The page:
Multiple Myeloma an incurable disease, but I have spent the last 25 years in remission using a blend of conventional oncology and evidence-based nutrition, supplementation, and lifestyle therapies from peer-reviewed studies that your oncologist probably hasn't told you about.
Click the orange button to the right to learn more about what you can start doing today.
A diagnosis of multiple myeloma let to lots of local radiation, induction chemotherapy and an autologous stem cell transplant (ASCT) in December of 1995. Studies confirm the increased aging caused by chemo and radiation toxicity, and the increased risk of a number of treatment-related secondary cancers. Specifically, one of the many documented long-term side effects of an ASCT is the increased risk of non-melanoma skin cancer (NMSC). Curcumin to the rescue?
My long-term challenge then is to reduce my risk of not only my primary cancer, multiple myeloma, but possible
In previous blog posts I’ve referred to curcumin as a wonder drug (even though it is not a drug…). Research for this post has taken my rave reviews of curcumin further.
As the studies linked and excerpted below explain, curcumin reduces my risk of NMSC and may even make my skin look better. Almost as important is the fact that curcumin also reduces my risk of bladder cancer as well as multiple myeloma (my original incurable blood cancer).
I don’t mean for this post to sound like some sort of advertisement for curcumin. I am calling attention to the long-term use of this anti-inflammatory, anti-angiogenic, anti-oxidant nutritional supplement. I’ve been taking a relatively low-dose of it for years now. And I indent to continue curcumin supplementation until…well, forever.
This would be the point in the post where I would list any possible side effects from curcumin supplementation. I have read that large doses can cause stomach upset for some people. But when I say “large doses” I’m talking about grams daily not the miligram doses I take.
Conventional therapies such as chemo and radiation can be essential therapy tools for the newly diagnosed MM patient. However long-term and late stage side effects such as treatment-related secondary cancer is rarely discussed with the patient. As I often say knowledge is power.
If you’d like to learn more about side effect management, scroll down the page, ask me any and all questions. Thanks and hang in there,
“Turmeric (Curcuma longa), a commonly used spice throughout the world, has been shown to exhibit antiinflammatory, antimicrobial, antioxidant, and anti-neoplastic properties. Growing evidence shows that an active component of turmeric, curcumin, may be used medically to treat a variety of dermatologic diseases.
This systematic review was conducted to examine the evidence for the use of both topical and ingested turmeric/curcumin to modulate skin health and function.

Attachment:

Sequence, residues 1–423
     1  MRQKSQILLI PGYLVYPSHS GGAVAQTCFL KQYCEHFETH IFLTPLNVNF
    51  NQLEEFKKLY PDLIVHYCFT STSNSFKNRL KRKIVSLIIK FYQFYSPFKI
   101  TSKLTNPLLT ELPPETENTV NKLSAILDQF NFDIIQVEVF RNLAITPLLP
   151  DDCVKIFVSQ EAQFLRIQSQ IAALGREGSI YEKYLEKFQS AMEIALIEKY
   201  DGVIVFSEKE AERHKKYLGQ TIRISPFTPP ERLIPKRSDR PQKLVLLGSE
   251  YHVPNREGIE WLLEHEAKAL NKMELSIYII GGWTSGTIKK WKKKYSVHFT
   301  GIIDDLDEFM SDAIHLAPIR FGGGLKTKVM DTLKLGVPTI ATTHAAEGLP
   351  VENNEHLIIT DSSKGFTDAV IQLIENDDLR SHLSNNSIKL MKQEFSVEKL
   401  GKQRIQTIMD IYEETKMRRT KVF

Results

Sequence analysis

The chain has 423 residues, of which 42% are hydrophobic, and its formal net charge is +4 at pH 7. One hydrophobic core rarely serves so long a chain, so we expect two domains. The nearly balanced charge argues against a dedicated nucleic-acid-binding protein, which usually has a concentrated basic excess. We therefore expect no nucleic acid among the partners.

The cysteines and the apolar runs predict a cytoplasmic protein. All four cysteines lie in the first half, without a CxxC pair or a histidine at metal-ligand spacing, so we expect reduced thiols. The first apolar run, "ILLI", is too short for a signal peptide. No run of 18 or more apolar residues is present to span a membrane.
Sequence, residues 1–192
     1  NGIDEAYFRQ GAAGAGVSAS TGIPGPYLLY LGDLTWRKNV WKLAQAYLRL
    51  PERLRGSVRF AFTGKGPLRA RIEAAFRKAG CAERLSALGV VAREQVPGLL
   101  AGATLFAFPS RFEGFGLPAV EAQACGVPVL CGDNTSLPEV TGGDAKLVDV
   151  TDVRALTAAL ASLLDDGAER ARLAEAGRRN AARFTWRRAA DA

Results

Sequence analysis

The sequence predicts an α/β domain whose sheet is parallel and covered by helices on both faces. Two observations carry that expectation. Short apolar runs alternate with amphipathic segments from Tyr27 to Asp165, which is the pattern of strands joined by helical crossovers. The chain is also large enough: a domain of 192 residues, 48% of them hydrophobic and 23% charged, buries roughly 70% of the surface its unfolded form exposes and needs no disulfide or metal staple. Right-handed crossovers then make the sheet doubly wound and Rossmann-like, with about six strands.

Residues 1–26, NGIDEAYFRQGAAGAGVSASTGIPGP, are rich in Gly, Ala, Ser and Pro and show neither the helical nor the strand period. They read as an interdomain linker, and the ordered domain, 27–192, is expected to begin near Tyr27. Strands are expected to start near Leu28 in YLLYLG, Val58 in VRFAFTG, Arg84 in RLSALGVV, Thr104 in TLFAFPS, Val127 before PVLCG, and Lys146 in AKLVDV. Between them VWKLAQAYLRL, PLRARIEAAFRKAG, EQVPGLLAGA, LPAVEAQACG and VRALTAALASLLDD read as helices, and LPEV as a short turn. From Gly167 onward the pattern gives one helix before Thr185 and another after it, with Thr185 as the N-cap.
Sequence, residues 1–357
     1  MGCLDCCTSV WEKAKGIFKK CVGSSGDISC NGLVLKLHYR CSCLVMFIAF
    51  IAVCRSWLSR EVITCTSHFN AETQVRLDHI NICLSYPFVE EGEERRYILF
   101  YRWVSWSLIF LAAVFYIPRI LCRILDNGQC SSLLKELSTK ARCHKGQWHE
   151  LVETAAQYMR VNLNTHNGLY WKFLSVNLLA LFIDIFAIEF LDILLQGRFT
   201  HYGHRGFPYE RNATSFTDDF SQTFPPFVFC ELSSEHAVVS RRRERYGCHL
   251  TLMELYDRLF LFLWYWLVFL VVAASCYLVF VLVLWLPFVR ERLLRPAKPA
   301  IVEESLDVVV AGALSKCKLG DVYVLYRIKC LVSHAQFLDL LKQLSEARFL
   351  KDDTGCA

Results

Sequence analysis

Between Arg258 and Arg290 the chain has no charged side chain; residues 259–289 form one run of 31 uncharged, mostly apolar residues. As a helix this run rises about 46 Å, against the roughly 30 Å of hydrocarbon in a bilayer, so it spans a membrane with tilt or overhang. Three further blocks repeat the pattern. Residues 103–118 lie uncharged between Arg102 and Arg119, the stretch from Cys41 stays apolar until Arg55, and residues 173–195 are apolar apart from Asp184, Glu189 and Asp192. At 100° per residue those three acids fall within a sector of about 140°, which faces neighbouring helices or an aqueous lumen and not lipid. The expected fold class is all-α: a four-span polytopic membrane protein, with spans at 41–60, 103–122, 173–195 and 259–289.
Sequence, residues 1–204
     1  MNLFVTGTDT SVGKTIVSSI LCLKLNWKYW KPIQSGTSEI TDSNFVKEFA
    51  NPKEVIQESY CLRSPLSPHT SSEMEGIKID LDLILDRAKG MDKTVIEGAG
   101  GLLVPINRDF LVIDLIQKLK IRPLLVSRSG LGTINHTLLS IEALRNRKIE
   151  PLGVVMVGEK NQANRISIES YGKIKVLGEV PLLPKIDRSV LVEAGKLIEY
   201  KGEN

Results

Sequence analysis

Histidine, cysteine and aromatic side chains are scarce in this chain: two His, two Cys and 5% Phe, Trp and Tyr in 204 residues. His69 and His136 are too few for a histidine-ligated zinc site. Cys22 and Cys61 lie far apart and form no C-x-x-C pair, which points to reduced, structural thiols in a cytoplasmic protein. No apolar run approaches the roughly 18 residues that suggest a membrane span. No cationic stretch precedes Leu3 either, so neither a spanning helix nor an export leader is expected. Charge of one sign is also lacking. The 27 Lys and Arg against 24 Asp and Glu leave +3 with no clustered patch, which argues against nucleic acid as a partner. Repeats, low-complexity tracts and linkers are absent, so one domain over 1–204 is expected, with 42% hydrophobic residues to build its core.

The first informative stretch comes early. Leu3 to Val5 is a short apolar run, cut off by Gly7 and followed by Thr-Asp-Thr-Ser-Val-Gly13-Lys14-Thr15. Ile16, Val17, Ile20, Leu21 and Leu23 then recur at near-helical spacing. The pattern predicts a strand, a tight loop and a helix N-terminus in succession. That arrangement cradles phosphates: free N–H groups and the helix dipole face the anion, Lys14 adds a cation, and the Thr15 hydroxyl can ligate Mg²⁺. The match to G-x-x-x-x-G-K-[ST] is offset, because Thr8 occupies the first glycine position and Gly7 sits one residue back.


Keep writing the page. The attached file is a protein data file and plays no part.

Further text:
The PubMed and Embase databases were systematically searched for clinical studies involving humans that examined the relationship between products containing turmeric, curcumin, and skin health.
A total of 234 articles were uncovered, and a total of 18 studies met inclusion criteria. Nine studies evaluated the effects of ingestion, eight studies evaluated the effects of topical, and one study evaluated the effects of both ingested and topical application of turmeric/curcumin.
Skin conditions examined include
Ten studies noted statistically significant improvement in skin disease severity in the turmeric/curcumin treatment groups compared with control groups. Overall, there is early evidence that turmeric/curcumin products and supplements, both oral and topical, may provide therapeutic benefits for skin health…”
“Squamous cell carcinoma (SCCa) has increased from 4% to 10% over 4 decades, stimulating interest in developing novel agents that slow sun-damaged skin progression. This is the first study evaluating the naturally occurring bioactive food compound curcumin on skin cancer xenografts…
It is hypothesized that curcumin has growth-inhibitory effects through the TOR pathway and chemopreventive potential in skin SCCa where local application could bypass bioavailability problems…
Results: Tumor volume increased 2.3 times faster in control mice compared with the group receiving 15 mg of curcumin…A significant difference in average tumor volumes was seen, especially with treatment of 15 mg of curcumin compared with control…. Curcumin inhibited S6 phosphorylation, suggest-ing inhibition of the MTOR pathway.
Conclusion: Curcumin appears to inhibit skin SCCa growth and blocks tumor progression by inhibiting pS6 even when gavage is used to deliver curcumin, indicating even more significant effects in future experiments with local application.”
“CU, an active constituent of the spice turmeric, is well known for its chemopreventive properties and is found to be beneficial in treating various disorders including skin diseases. Curcumin protects skin by quenching free radicals and reducing inflammation through the inhibition of nuclear factor-kappa B…
CU also modulates the phase II detoxification enzymes which are crucial in detoxification reactions and for protection against oxidative stress.
In the present review, the biological mechanisms of the chemopreventive potential of CU in various skin diseases like psoriasis, vitiligo, and melanoma is discussed.
The application of CU in skin regeneration and wound healing is also elucidated. We also explored the recent innovations and advances involved in the development of transdermal delivery systems to enhance the bioavailability of CU, particularly in the skin…”